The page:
Not in the national interestThere was heated controversy surrounding the memoir of former President Lee Myung-bak, entitled “President’s Time.” Critics said Lee failed to take into account the peculiar nature of inter-Korean relations and harmed the national interest, and that it was inappropriate for him to publish the book at a sensitive time. Others, however, said it enriched the historical record.
Former President Lee Myung-bak issued an 800-page, 12-chapter memoir. Of them, seven chapters were focused on inter-Korean relations and foreign and security affairs. Although it is meaningful to actually confirm some of the rumored incidents, the decision to reveal extremely sensitive diplomatic issues and the timing of the publication are regrettable.
First, Lee was giving subjective accounts about his conversations with leaders of neighboring countries and inter-Korean affairs. The memoir said North Korea, during Lee’s presidency, made tens of proposals for an inter-Korean summit and begged for it to be arranged. It also laid bare sensitive conversations between Lee and then-Chinese President Hu Jintao about the Korean Peninsula.
The memoir largely defends the decisions of the Lee government. Although each administration can have a different view on how to handle the North, the book trumpets Lee’s ideas. That will likely affect the current government’s diplomacy with other countries and inter-Korean relations too.
Second, it brought about a controversy on how far a former president can go in revealing confidential information. The memoir laid bare secrets and endangered North Korea policy in the future. For example, the memoir wrote that a top intelligence official from the North secretly visited the South in December 2010, shortly after the Yeonpyeong Island shelling. The official tried to meet with Lee, arguing that he was carrying a message from Kim Jong-il, then the North’s leader, but failed. The memoir said he returned two days later and was eventually executed.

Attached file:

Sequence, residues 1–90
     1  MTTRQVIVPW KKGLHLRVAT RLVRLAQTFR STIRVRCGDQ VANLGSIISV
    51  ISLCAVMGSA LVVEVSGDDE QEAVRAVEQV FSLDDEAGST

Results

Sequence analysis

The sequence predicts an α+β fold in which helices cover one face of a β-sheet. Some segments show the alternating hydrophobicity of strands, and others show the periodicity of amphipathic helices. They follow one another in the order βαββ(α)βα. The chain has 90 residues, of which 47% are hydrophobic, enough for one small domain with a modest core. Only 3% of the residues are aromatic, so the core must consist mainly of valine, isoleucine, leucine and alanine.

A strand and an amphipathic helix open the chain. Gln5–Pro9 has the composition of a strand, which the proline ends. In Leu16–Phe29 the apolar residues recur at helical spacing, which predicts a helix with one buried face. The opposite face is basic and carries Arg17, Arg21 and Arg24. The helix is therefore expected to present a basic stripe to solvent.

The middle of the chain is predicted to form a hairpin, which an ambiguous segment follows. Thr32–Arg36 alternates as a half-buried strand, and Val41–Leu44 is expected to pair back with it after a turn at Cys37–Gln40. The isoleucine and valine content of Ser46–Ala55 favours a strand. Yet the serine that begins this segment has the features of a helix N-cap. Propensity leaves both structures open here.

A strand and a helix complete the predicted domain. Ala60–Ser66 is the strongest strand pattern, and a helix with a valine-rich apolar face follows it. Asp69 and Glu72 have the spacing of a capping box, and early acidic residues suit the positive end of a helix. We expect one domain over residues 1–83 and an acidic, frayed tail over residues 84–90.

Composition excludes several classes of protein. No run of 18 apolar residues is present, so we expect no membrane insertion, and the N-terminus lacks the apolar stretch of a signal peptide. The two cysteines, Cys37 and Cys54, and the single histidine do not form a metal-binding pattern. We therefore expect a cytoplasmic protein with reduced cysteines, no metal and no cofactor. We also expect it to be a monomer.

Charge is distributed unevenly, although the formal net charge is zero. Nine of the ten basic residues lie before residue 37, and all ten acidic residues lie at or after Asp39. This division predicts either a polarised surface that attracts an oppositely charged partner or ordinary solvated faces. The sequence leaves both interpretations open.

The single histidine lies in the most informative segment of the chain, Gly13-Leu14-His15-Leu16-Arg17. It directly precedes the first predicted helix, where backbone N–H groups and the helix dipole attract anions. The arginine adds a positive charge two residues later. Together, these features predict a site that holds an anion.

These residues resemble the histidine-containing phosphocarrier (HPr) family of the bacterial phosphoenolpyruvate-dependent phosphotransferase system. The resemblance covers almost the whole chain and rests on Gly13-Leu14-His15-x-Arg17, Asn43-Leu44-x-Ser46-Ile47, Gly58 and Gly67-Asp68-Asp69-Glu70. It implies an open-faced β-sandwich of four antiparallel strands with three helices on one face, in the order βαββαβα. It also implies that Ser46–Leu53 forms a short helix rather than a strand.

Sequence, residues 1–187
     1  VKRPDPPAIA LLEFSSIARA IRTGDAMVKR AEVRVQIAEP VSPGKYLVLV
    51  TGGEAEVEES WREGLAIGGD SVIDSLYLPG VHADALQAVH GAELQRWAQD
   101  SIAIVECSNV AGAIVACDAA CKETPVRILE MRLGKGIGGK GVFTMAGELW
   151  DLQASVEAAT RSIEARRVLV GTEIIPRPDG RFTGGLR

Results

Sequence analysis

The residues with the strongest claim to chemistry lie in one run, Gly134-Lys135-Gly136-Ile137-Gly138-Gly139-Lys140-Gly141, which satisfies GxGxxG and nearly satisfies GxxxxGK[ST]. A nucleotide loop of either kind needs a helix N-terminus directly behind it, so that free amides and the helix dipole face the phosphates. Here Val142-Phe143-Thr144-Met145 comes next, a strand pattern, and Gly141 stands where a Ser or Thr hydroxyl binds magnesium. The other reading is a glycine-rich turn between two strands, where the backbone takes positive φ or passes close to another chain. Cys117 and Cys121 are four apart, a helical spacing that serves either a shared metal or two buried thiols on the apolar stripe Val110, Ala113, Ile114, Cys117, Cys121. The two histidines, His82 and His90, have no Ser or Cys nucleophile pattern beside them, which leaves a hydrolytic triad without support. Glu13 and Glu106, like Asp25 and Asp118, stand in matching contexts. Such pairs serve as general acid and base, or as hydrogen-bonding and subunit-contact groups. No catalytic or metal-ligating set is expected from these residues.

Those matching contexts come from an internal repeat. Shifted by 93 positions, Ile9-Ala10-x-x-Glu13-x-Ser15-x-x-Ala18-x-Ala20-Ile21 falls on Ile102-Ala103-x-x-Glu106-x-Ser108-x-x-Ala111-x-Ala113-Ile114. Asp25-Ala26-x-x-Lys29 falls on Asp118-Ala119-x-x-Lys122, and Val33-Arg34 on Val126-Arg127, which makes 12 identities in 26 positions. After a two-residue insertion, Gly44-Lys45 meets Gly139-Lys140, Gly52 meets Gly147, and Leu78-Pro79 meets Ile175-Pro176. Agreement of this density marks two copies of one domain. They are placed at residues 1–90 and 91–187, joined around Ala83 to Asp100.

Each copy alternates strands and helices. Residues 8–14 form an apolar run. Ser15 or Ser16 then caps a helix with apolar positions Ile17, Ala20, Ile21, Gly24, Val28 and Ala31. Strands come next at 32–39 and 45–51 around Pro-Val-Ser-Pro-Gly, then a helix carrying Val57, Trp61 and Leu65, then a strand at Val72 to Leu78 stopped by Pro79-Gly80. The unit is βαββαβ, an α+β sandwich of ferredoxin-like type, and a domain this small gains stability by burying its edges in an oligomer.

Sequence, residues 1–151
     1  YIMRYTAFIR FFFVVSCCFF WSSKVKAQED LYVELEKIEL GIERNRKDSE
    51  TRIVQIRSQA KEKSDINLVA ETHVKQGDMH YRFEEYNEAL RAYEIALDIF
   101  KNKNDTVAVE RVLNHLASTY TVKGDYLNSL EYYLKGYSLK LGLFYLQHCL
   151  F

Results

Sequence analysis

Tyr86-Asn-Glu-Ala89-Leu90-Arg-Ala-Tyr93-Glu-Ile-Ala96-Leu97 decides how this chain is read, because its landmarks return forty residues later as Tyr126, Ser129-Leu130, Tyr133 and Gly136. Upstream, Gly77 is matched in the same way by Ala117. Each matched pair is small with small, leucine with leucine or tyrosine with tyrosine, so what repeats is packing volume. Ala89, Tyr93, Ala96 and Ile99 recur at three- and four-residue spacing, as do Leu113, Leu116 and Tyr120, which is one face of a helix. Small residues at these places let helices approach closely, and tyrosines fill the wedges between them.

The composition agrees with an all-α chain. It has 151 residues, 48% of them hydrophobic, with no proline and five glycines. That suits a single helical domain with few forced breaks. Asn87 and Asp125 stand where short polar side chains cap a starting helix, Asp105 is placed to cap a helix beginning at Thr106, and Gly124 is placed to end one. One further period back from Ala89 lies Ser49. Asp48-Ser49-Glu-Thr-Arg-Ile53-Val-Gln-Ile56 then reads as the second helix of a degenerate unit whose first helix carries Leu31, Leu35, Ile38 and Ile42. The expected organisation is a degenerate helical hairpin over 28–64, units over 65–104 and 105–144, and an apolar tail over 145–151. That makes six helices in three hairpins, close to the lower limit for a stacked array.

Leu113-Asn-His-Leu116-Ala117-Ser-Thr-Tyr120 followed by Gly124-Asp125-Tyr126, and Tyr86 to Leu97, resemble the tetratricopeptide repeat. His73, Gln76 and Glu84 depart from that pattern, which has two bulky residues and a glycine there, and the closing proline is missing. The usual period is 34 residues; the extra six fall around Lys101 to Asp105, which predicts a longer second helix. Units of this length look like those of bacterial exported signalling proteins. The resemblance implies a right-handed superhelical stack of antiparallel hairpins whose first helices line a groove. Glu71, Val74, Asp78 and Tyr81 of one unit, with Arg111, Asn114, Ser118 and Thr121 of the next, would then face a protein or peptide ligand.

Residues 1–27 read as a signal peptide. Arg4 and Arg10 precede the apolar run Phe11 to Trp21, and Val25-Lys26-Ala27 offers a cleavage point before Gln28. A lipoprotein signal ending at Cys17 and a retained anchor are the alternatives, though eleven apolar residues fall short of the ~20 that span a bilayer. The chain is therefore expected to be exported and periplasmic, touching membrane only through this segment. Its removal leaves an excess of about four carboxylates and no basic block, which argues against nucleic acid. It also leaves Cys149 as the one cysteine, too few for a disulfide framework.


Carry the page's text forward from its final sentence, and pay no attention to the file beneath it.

Such a detailed revelation will only provoke the North and will seriously limit the scope of activities for the North Korean officials who will handle inter-Korean affairs in the future.
North Korean officials will not try to actively engage in talks with their South Korean counterparts if their remarks will be revealed publicly. Secret conversations with the leaders of China were revealed and Chinese President Xi Jinping won’t probably want to have candid conversation with the Korean president as a result.
Seoul’s North Korea policy will face difficulties because of the memoir’s revelations, and the diplomatic discourtesy committed by the book will become an issue in the international community. Although Lee might not have broken any law, it is regrettable that he did not make a careful approach based on a calculation of the national interest and the special nature of inter-Korean relations.
Third, the timing of the publication is also an issue. What good will it do when the former president lays bare sensitive behind-the-scenes stories of inter-Korean relations and foreign affairs only three years after his retirement? Most parts of the memoir were to justify what Lee did during his presidency. It seemed like a book to serve Lee’s political goal.
Winston Churchill, former British prime minister, wrote his memoir over six years starting in 1948. It helped him win the Nobel Prize for Literature. Former Prime Minister Kim Jong-pil said he won’t even write a memoir. He is probably a better role model.
Fourth, Lee’s argument that he wrote the memoir to make public the historical truth is also problematic. If a lie or exaggeration is recorded in the former president’s memoir, it will actually distort the history. Recalling memories of inter-Korean relations and diplomacy is particularly important.
Some past presidents had argued that they will let history judge their policies and the success of their administrations when the public disagrees with them. But the public and history do not evaluate them highly. Can we have a president’s memoir that is brutally objective yet consciously valuable as a historical record?
Translation by the Korea JoongAng Daily staff.
*The author is professor of North Korea studies at Dongguk University.
By Kim Yong-hyun
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